Bingo Square: Own Voices
I’d been debating between this and Everything I Never Told You for this category but since I had just read The Bride Test, which was about an Vietnamese-American family and am thinking about reading a book about a Chinese family for my “Back to School” read, I figured I should diversify instead of reading about a Chinese-American family for this. Imbolo Mbue is originally from Cameroon and has lived in the United States for ten years, and her novel follows a family of immigrants from Cameroon trying to make it in the US.
I knew this wasn’t going to be a light read given that it begins when the father, Jende Jonga, gets a job as the personal chauffeur of an executive at Lehman Brothers in 2007. While it is a great opportunity at the time, the reader knows there is a strong chance this will end badly given the upcoming recession and collapse of the Lehman Brothers. Even with that, this novel was much more of a chore than I was expecting. From a decent beginning, I was ready to give the novel one star by the middle. I know it has an important message but I didn’t like the characters much at all, they were inconsistently written, and the pacing was all off. I’m not saying the ending much improved it for me, but every once in a while Mbue would address a topic that I think raised valid talking points, and could have added great pathos in a different novel instead of simply glimpses of what could have been. So as a novel to create discussion, it raises some decent points. As a novel with well-fleshed out characters that move beyond stereotypes, it does not work for me at all.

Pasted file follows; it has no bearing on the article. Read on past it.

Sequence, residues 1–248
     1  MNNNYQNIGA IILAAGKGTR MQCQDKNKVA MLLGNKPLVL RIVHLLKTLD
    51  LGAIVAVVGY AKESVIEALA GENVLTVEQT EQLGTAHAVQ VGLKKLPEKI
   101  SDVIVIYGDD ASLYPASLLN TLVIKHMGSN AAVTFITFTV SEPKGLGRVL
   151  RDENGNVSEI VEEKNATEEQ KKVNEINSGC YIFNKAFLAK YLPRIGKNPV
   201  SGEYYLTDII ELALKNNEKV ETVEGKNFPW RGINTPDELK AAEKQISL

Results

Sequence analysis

From the beginning, I struggled with my view of Jende, and I admit this was very much due to my own privilege as a white American woman. Jende is trying to get a green card and has been waiting on the courts to make a decision on his visa status for three years when he accepts the job. Based on the advice of his immigration lawyer, he filed for asylum status, using the fact that his father-in-law strongly disliked him and had him imprisoned when he initially got his now-wife Neni pregnant while she was in high school in 1990 to make a case that he feared for his life if he went home (the baby died but as one does the math and receives more details later in the novel, it is hard not to side with Neni’s father considering that Neni would have been about 15 to Jende’s 20 at this point in time – I know, I’m judging by Western standards). So it was a struggle for me – Jende wasn’t actually under threat of death, and his life wasn’t in danger so I had a hard time being too sympathetic towards someone applying for asylum status to get his visa and green card when there are so many people who are actually in need of asylum because their lives are truly in danger. It’s not that I didn’t think Jende shouldn’t have been able to stay in the States, I just didn’t necessarily agree with his method, even if he was only pursuing that route based on the advice of a potentially sketchy lawyer. But, I also am aware it is my privilege that allows me to judge him for not following the letter of law.
The other part that was difficult was reading about the Recession, of course. At the time of the collapse, I had been on active duty for two years, and still had years to go before I could even consider getting out, so it didn’t affect me. Did I end up staying in the military longer than I had originally thought I would because the Recession scared me? Yes, potentially, but I also liked the life style the Army gave me so the economy only ended up being an additional factor in my decision process. The only real immediate effect it had was that with so many other people afraid to leave the Army and so many others trying to join as a result of the Recession, it meant the officer retention bonus offer remained a one time thing and was not extended to my year group the year after it was originally made (bonuses are usually only for enlisted Soldiers). However, it’s 11 years later now, I am in the corporate world, and the idea of something like the Recession happening again soon does make me anxious.